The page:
Top 10 Things for Families to do on the Big Island, Hawaii

Diversity reigns on the island of Hawaii, known to most mainlanders as “The Big Island.” The youngest of the Hawaiian islands, Hawaii boasts 8 of the world’s 13 climate zones including dry, arid deserts; humid, tropical monsoons, and even polar tundra on the tops of its mountain peaks. The island is a geological and ecological wonderland bursting with unique flora and fauna, active volcanoes that add to the island’s landmass each day, and even the highest mountain peak in the world when measured from the sea floor.

Families visiting the Big Island of Hawaii can choose their own adventure. From visiting farms, ranches, and saddling up to the cowboy culture, to exploring black sand beaches full of colorful fish and wildlife, to hiking rain-forests or dried lava flows, seeing the stars at observatories, or sitting with drinks in hand while watching manta rays climb to the water’s surface, the island of Hawaii is a destination island that offers something for every member of your family.

Explore the top 10 Big Island with Kids!

10. Hit the Beach


Photo by: Katie Bodell

There’s more than 260 miles of coastline to explore on the island of Hawaii, and while a large majority of it is covered in black lava rock instead of powdery sand (thanks to the island’s young history), there are still plenty of family-friendly places to hit the water.
Best Beaches for Powdery Sand: Finding soft, powdery sand on the Big Island of Hawaii can be a bit tricky. Explore the Best Kid-Friendly Sandy Beaches on the Big Island (including finding white, black, and even green sand!)
Best Beaches for Kid-Friendly Snorkeling: Snorkeling on the Big Island is a fun adventure where families can experience calm waters in numerous bays, hundreds of brightly colored fish, stunning masses of coral, sea turtles galore, and even rays and eels. Check out Trekaroo’s picks for the Top Kid-Friendly Snorkeling spots on the Big IslandIsland Hopping? Visit these 7 great snorkeling spots across the Hawaiian islands.
Best Beaches for Tide Pool Exploration: Thanks to the vast amount of lava rock, low tide brings a wealth of tide pool exploration all across the Big Island’s shores. To help you narrow down your list, check out the best Kid-Friendly Tidepools on the Big Island.

Best Beaches for Sunset Views: Thanks to the western facing Kailua-Kona coast, there are plenty of opportunities for amazing sunset views while visiting Hawaii. Trekaroo families recommend seeing the views via hammock at the Hilton Waikoloa Village, or hiking to a striking mountain top view at Mauna Kea (or the Visitor Information Center halfway up the summit). Numerous ocean-front restaurants and hotels along the western shore offer tables with stunning views. The Kona Inn (Restaurant) and Lava Lava Beach Club are among the favorites.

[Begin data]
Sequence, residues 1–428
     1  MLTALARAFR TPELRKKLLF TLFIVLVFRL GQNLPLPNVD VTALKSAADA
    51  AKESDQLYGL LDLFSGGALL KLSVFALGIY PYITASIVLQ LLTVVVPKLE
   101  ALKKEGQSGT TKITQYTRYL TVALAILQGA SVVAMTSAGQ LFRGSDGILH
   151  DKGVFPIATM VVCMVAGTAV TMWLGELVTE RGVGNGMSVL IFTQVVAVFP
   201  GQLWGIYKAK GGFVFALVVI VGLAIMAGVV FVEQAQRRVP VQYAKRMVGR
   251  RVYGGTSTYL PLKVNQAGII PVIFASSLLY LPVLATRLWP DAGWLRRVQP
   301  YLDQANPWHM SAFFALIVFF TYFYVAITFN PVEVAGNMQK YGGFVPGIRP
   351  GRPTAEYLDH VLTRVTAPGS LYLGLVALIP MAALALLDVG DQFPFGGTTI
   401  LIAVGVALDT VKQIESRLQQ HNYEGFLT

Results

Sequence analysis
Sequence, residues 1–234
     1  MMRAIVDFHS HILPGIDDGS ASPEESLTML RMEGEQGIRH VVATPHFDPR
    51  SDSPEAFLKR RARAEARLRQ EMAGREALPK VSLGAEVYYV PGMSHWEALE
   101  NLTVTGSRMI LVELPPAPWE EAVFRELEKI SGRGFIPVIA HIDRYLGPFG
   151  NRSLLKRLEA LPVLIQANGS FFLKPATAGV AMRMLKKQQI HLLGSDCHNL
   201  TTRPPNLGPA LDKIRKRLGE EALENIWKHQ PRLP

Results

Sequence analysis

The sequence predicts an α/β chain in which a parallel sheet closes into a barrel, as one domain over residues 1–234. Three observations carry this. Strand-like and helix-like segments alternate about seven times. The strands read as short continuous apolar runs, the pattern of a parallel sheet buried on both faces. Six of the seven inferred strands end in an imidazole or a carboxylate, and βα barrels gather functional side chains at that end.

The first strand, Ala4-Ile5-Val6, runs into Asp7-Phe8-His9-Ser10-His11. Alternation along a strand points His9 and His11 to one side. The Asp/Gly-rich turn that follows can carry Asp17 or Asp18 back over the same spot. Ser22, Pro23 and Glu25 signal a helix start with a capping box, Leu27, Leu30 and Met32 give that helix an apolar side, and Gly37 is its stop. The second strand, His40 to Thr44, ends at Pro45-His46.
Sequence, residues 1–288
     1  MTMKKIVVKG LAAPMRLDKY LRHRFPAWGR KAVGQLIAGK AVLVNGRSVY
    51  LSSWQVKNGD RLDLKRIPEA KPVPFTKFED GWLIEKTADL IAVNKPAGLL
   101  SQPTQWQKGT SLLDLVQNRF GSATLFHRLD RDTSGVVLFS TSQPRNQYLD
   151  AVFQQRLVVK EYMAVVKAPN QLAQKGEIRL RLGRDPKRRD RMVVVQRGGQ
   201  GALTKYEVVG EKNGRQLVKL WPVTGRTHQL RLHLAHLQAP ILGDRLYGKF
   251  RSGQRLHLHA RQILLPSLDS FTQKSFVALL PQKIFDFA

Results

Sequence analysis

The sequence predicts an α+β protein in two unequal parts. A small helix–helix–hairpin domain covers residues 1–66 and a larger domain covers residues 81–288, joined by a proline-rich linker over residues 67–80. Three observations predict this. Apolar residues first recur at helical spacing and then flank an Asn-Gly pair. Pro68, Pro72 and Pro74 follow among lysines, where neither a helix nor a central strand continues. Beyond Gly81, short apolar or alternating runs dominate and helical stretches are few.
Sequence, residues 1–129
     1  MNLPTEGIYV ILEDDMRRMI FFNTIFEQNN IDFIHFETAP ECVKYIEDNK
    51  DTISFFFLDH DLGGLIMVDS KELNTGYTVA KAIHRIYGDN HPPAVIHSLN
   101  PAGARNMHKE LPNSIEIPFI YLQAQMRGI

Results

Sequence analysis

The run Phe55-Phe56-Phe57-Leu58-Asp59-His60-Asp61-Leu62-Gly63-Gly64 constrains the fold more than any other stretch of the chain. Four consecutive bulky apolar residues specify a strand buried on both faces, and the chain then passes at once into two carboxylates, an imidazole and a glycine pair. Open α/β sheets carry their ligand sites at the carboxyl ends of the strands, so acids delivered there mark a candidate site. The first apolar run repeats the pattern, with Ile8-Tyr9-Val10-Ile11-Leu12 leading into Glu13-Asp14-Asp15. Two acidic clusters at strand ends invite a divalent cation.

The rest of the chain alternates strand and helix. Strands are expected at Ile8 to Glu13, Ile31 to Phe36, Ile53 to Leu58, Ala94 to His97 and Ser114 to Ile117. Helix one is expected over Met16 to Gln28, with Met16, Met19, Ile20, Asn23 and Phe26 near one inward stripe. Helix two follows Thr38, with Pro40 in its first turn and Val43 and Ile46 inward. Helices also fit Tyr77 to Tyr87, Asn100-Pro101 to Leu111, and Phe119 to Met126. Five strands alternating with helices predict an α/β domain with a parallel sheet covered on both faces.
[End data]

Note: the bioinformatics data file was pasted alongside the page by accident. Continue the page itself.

9. Explore Hawaii on Foot (or mule)


Photo by: Katie Bodell

The island of Hawaii boasts miles and miles of trails that get you in the back-country of this stunning island. Since roads that traverse the island are fairly limited, be mindful of trail distances before setting out and be sure you have packed enough water for your adventure. To explore the amazingly beautiful and secluded Waipi’o Valley, you might want to take a mule, horse, or ATV guided tour as the climb back up the canyon is incredibly difficult.
Top kid-friendly hikes include: walking to the fish ponds at Honokohau Beach | trails within Hawaii Volcanoes National Park (see below) | Pololu Valley trails (although some are quite steep and best for older kids)

8. Take a Boat Tour


Photo by: Katie Bodell

From sunset dinner cruises and dolphin excursions to parasailing, kayaking, taking off in an outrigger canoe, or even venturing into the depths in a submarine, there is a boating experience for just about everyone. Fishing charters can be rented from dozens of companies if you are looking to try your luck at securing your own dinner. The Atlantis Submarine Cruise is a family-friendly hit; it gets kids under the water without the requirement of masks, snorkels, and wildlife encounters.
My family loved our Body Glove Dolphin & Snorkel cruise. The half-day excursion from Kailua-Kona brought us dozens of dolphins swimming in our wake, the opportunity to snorkel in a secluded bay we never could have reached on our own, as well as two full meals. Read my full review to discover more details of this family favorite.

7. Tour a Local Farm


Photo by Katie Bodell

The Big Island is known for its agriculture. You’ve probably heard of Kona Coffee, but there is nothing like visiting a Kona coffee farm with 125-year-old coffee trees, watching the roasting process, and sampling the varieties from local coffee cherry. But the island grows a lot more than just coffee. From macadamia nut plantations that feature walk-through tours to orchid farms boasting vanilla bean harvesting, the island is alive with produce and vegetation. Check out some of the island’s best farm tours.
Tip: to explore a variety of farms without making the trek to see all of them, visit one of the island’s many farmers markets where local farmers showcase their fresh produce, coffee options, nuts, honeys, and artisan goods. Visit markets in Hilo & Kona.

6. Make Friends with the Local Animals

Manta on Reef in Hawaii

Photo by: Bigstock/swimswithfish

The Big Island of Hawaii is a great place to take your animal lover. Top animal interactions on the island include the Dolphin Quest encounter at the Hilton Waikoloa Village; the pricey but unique Seahorse Farm right next to the Kona airport; the Panaʻewa Rainforest Zoo a great (and free!) option while visiting Hilo on the east side of the island; and the chance to see massive manta rays most nights outside the Sheraton Kona at Rays on the Bay. A variety of in-the-water experiences are offered including snorkeling, glass bottom boat, and more, but timid viewers can also check out the manta talks, stunning photography, and above the shore views of the manta rays who make their way to this region nightly to feed on plankton attracted to the hotel’s lights.